Performance at Tate: Documentation and Documents in Research
Tate, as an institution, has engaged with performance in a variety of forms for over fifty years. The two year AHRC-funded project ‘Performance at Tate’ traces this history through collection objects, programmed events, and significant exhibitions across Tate’s multiple sites. In this paper, I will consider how documentation – as both a process and a product – was used within the research project.
Considering the document as an object of study within research, I will explore how ‘Performance at Tate’ used documents from the 1960s to the present as a means of facilitating and then communicating research around the presence of performance within objects, events, and programmes at Tate. In particular, I will focus on the creation of an online publication which made public a selection of previously inaccessible performance documents.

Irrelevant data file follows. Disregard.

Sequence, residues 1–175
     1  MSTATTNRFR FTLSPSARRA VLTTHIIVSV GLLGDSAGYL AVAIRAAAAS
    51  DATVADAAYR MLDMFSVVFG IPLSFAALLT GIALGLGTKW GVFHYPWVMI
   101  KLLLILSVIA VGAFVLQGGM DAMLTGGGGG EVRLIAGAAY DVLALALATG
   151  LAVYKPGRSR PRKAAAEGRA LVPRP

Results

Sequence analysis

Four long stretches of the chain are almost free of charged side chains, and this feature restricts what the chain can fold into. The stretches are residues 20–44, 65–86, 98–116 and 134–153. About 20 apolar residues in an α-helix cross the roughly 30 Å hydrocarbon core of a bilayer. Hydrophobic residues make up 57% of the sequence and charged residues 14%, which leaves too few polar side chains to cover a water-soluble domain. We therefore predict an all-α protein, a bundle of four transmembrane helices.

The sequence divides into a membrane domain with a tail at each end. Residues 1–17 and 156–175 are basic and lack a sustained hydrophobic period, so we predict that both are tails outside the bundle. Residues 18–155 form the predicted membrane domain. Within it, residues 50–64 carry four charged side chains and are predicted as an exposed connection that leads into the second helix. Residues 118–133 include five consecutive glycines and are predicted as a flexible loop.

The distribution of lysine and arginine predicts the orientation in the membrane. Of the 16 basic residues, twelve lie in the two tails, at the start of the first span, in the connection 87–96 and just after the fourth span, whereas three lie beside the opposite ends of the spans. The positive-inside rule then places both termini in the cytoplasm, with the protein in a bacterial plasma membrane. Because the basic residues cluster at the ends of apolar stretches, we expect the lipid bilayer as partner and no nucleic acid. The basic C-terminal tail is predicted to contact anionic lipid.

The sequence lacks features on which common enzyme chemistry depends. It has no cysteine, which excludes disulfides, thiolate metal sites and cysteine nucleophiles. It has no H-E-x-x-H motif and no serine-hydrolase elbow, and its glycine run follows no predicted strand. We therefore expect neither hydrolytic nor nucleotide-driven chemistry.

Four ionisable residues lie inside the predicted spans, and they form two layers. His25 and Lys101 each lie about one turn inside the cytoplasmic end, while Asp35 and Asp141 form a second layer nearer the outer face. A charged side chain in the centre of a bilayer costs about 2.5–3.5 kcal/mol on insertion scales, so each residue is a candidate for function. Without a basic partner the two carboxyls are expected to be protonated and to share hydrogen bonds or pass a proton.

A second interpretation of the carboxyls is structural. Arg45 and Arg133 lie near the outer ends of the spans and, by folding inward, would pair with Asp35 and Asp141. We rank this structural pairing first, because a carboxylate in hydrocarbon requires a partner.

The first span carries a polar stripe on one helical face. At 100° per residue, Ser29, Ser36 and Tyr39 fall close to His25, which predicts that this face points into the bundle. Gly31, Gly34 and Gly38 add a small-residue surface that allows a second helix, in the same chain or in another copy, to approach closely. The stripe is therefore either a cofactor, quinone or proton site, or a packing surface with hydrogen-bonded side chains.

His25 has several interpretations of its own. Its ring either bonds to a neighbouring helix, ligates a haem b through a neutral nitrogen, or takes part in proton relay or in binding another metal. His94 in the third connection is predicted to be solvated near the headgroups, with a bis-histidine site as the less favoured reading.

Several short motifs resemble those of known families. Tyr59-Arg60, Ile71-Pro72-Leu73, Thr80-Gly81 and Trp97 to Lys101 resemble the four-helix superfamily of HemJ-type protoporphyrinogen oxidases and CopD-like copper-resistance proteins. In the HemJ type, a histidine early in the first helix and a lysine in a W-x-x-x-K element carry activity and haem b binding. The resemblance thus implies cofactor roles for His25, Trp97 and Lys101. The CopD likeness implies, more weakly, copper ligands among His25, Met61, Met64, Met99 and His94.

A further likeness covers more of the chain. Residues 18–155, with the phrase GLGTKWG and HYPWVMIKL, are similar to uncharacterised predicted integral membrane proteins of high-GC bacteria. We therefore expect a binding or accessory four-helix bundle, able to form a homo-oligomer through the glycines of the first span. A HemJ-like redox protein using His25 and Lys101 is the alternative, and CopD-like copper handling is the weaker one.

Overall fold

The research project also undertook a documentation workshop around the two-day event ‘If Tate Modern was Musée de la danse?’ I will expand on the techniques and strategies chosen by the research group, and what they intended to achieve. I will focus particularly on the use of non-traditional documentation strategies as a research tool through which the event was explored.
Finally, I will briefly touch on Tate’s future documentation strategies, arising out of my own work as a collaborative doctoral researcher. This will focus on my reflection on Tate’s previous practices, as a way to understand how institutional documentation can best fill knowledge gaps in the future, through flexible strategies around written and visual documents.
Acatia Finbow: Acatia is a collaborative doctoral research student, at Tate and the University of Exeter. Her interdisciplinary research considers the value of performance documentation in the museum, focusing particularly on live works in Tate’s collection, and events and exhibitions which have taken place at the Museum’s sites since the 1970s. She is interested in theories of value and valuation, the role of the document as an artwork, and changing attitudes towards documentation in museums.